Drinking water supplies for 70 million Americans in 48 states are contaminated with arsenic at concentrations above the level scientists say increases the risk of cancer, according to nationwide test results collected in EWG's Tap Water Database.
The Environmental Protection Agency's legal limit for arsenic in tap water is 10 parts per billion, or ppb, a level exceeded in 2015 in the water supplies for more than half a million people in 32 states. But the EPA's legal limit is 2,500 times higher than the public health goal set by California's Office of Environmental Health Hazard Assessment, endorsed as a health-protective EWG Standard.
The public health goal, 0.004 ppb, is the level expected to cause no more than a one-in-a-million risk of cancer over a lifetime. When the EPA's legal limit was set in 2001, the agency published an analysis showing that 10 ppb is not safe, potentially causing up to 600 cancer cases for every 1 million people exposed for a lifetime. A 2010 draft report from the EPA suggests that arsenic could be up to 17 times more toxic than previously estimated, but political pressures blocked publication of the draft.
Arsenic is a notorious, deadly poison. Exposure to even tiny concentrations of arsenic in drinking water is proven to increase the risk of bladder, lung and skin cancer, and possibly liver, kidney and prostate cancer as well. The risk of cancer is even higher when exposed during early childhood and pregnancy. Prenatal exposure has also been shown to harm the immune system, cause behavioral problems and impair intelligence.
Tests conducted by almost 50,000 utilities showed that, in 2015, arsenic contamination of tap water was highest in the following communities:
- The Española Water System in Española, N.M., serving more than 10,000 people, reported an average level of 13.6 ppb.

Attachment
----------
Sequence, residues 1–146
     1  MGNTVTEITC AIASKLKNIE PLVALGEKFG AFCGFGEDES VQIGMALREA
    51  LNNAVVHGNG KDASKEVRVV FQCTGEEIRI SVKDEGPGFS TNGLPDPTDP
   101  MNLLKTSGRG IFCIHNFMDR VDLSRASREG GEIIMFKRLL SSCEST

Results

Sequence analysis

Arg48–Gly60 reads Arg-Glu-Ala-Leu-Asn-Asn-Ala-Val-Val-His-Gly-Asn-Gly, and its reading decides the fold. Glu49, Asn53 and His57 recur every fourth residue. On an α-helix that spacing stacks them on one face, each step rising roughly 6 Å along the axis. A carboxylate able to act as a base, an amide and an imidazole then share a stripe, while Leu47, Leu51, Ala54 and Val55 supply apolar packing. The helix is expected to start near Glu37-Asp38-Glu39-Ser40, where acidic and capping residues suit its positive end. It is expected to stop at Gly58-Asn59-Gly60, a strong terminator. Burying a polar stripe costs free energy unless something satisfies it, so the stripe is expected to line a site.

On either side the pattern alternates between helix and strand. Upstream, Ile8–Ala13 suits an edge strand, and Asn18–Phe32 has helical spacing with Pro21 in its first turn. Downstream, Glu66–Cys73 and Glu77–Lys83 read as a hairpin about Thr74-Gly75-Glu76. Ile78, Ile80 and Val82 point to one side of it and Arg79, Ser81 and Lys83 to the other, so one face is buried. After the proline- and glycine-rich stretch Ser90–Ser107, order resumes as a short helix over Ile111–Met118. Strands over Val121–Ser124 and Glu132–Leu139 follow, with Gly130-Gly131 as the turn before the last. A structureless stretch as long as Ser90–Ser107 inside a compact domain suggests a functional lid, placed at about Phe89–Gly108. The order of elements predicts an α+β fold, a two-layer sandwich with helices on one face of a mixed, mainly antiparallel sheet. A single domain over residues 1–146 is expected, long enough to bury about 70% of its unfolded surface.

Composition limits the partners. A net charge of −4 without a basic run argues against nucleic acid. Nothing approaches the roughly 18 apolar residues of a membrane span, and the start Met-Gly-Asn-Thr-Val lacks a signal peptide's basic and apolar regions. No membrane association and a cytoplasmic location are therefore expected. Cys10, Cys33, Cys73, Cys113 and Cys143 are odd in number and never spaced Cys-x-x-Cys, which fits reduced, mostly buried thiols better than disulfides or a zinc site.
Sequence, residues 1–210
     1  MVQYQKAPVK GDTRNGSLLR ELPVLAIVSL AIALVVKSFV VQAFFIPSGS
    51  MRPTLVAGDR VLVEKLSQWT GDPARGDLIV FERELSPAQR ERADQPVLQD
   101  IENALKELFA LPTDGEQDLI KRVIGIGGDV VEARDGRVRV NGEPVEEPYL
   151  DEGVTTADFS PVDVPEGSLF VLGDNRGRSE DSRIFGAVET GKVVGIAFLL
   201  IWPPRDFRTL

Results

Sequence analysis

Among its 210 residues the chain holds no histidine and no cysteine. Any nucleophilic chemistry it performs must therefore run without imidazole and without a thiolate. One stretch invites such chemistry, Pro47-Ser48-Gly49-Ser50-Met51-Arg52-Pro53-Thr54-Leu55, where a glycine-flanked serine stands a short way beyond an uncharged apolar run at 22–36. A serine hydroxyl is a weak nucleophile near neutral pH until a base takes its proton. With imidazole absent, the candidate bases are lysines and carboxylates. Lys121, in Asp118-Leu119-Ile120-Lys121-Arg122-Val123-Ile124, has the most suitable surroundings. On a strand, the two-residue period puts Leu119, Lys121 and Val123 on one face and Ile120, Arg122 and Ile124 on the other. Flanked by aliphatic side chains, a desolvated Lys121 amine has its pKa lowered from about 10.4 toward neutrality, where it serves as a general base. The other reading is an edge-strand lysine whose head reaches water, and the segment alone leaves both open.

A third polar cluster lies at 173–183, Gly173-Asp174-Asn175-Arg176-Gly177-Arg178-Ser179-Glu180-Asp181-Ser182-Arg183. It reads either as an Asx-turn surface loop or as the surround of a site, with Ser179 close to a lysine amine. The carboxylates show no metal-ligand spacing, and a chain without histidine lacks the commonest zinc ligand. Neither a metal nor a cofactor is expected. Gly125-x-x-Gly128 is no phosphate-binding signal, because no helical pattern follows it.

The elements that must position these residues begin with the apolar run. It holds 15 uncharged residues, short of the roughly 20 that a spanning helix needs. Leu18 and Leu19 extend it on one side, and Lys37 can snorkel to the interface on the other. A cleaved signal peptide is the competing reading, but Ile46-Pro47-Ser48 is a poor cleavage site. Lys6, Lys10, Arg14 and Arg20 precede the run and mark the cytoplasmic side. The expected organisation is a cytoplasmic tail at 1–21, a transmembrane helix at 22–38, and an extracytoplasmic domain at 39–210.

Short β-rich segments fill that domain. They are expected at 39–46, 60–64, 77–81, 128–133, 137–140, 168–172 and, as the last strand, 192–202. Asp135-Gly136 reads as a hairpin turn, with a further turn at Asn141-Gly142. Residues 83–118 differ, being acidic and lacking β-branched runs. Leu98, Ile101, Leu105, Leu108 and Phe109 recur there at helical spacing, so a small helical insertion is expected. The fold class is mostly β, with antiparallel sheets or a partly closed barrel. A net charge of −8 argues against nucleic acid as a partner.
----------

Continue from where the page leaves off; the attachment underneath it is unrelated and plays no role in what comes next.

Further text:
- The Camino Real Regional Utility Authority in Sunland Park, N.M., which serves almost 21,000 people, reported an average level of 11.3 ppb.
- The City of Andrews water utility in Andrews, Texas, serving more than 11,000 residents, reported an average level of arsenic of 25.8 ppb in 2015. Andrews installed a water treatment system in December 2015, which appears to have reduced arsenic concentrations in city water.
EWG’s Tap Water Database has in-depth research on arsenic and many other contaminants found by water utilities across the nation. You can plug in your zip code and see exactly what has been detected in your water, as well as the associated risks.
Our water filter guide can tell you what kind of filters are effective in removing the particular contaminants in your tap water. While most contaminants can be removed with inexpensive filters, arsenic is more difficult to get out, requiring reverse-osmosis or carbon block filter systems.
Ultimately, the burden of ensuring that tap water is safe should not fall on individual Americans. Citizens should speak out to pressure state and federal regulators and elected officials to ensure the well-being of all Americans by setting strict, health-protective legal limits for contaminants in tap water.